Does anyone really understand the Iowa caucus? An article at Truthdig sort of explains the arcane process, but I'm not sure that I fully understand it. No one cared at all about the Iowa caucus until 1972 when someone came up with the idea of moving the caucus ahead of the New Hampshire primary, making it the first test in the process of picking a president.
It's primarily a public relations stunt, a way for Iowa to say look at me, pay attention to my problems. This year, the Iowa caucus is almost meaningless. Between it and the New Hampshire primary, we should begin to separate the wheat from the chaff, the contenders from the pretenders, but the media and the party establishments are already doing that.
The big questions that will be answered early on (in Iowa and New Hampshire) are: 1.) Can Edwards do well enough to insinuate himself into the media's Obama/Hillary dynamic?, and 2.) Which is stronger, Romney's money or Huckabee's God?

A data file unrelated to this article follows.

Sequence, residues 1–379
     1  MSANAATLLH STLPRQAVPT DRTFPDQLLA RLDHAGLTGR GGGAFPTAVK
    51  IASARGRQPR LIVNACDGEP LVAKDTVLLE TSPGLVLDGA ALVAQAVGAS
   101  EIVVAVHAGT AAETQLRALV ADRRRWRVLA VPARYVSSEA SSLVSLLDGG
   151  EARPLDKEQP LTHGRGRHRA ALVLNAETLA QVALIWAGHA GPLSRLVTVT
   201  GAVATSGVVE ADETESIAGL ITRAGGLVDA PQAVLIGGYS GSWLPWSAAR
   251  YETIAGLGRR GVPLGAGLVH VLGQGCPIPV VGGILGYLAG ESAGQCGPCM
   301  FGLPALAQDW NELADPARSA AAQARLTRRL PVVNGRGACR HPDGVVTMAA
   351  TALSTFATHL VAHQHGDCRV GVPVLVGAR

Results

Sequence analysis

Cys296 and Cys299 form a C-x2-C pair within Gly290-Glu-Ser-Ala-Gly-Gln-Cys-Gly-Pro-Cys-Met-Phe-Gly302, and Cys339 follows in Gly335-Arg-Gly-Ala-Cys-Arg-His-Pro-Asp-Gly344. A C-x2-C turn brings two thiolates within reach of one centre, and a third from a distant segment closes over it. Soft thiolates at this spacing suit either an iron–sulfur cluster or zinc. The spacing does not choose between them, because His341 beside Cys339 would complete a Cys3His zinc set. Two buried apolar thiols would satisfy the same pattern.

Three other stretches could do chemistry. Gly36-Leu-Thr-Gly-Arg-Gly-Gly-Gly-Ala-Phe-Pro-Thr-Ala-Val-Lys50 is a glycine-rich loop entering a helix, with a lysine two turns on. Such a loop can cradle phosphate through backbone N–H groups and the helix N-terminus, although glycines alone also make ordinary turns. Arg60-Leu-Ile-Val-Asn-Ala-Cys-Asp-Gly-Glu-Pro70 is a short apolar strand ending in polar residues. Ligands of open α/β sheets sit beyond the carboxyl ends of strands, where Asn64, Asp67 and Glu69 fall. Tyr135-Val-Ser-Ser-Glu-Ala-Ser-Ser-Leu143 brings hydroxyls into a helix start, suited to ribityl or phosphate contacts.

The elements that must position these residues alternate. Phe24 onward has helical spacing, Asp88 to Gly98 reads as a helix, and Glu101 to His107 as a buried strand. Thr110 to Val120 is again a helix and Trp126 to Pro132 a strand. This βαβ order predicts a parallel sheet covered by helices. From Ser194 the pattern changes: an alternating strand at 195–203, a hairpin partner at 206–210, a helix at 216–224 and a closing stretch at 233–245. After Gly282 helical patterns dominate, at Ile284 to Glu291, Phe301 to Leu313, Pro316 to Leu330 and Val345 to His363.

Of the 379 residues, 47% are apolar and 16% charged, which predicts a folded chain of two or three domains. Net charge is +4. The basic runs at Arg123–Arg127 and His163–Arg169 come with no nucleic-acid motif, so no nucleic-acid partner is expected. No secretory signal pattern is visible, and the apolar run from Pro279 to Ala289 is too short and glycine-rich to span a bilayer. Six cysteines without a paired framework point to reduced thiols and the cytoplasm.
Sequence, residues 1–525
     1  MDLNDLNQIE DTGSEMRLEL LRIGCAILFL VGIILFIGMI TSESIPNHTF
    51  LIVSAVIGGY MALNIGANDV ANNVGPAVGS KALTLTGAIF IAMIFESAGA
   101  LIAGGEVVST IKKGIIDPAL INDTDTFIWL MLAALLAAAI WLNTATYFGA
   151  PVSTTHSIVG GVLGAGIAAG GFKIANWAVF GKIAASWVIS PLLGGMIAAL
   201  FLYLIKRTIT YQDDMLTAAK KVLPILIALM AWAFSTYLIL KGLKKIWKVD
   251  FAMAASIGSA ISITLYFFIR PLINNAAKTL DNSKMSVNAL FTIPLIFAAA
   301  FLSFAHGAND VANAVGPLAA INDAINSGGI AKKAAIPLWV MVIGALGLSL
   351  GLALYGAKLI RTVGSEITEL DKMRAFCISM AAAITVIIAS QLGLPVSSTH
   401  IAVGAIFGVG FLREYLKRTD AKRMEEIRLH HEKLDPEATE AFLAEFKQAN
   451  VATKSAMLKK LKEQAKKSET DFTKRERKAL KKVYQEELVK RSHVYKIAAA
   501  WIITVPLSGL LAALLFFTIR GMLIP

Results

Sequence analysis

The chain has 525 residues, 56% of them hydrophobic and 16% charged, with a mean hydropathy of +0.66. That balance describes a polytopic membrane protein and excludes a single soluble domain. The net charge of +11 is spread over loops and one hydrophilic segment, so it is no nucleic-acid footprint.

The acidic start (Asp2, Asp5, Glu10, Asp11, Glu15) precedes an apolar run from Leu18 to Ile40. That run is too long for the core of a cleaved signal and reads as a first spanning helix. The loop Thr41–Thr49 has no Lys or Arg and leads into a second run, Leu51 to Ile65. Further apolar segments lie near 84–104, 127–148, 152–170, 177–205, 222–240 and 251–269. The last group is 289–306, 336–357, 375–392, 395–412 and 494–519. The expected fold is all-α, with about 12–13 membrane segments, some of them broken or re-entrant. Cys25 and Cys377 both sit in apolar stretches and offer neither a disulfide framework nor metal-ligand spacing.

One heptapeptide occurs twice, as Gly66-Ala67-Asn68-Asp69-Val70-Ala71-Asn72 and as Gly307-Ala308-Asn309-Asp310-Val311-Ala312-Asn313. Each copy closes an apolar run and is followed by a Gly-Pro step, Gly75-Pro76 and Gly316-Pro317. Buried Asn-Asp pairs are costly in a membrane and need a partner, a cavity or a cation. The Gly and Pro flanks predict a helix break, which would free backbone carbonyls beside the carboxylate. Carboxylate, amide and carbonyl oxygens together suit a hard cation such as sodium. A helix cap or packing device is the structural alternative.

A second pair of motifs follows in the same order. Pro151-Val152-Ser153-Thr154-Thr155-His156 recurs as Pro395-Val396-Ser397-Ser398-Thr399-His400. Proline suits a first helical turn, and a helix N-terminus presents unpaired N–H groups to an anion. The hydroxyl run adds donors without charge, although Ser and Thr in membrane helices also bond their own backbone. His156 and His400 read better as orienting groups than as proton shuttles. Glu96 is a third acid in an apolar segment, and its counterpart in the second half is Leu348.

I'm hoping that Edwards can make it a three-way race. I like what I'm hearing of his populist rhetoric. So far, he's the candidate I'm leaning toward. In a more perfect world where he might be taken seriously, I might be tempted to cast a vote for Chris Dodd just for last month's Senate filibuster. Clinton and Obama seem too centrist for my taste, but I would vote for either of them in a second over any of the Repub candidates. Most of them, but especially the Huckster, scare me. Romney, I suspect, would say anything or change any position to get elected. I certainly wouldn't buy a used car from him. Meanwhile, Guiliani is busy running for president of 9/11.
Update: The NY Times The Board blog has more on the inner workings of the anachronistic Iowa caucus.